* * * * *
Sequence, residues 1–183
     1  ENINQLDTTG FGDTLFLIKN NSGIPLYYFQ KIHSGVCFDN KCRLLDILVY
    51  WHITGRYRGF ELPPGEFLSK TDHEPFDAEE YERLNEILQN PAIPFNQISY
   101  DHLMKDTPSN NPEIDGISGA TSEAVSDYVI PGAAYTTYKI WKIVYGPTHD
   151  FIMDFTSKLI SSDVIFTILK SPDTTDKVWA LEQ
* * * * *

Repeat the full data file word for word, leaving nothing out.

Sequence, residues 1–183
     1  ENINQLDTTG FGDTLFLIKN NSGIPLYYFQ KIHSGVCFDN KCRLLDILVY
    51  WHITGRYRGF ELPPGEFLSK TDHEPFDAEE YERLNEILQN PAIPFNQISY
   101  DHLMKDTPSN NPEIDGISGA TSEAVSDYVI PGAAYTTYKI WKIVYGPTHD
   151  FIMDFTSKLI SSDVIFTILK SPDTTDKVWA LEQ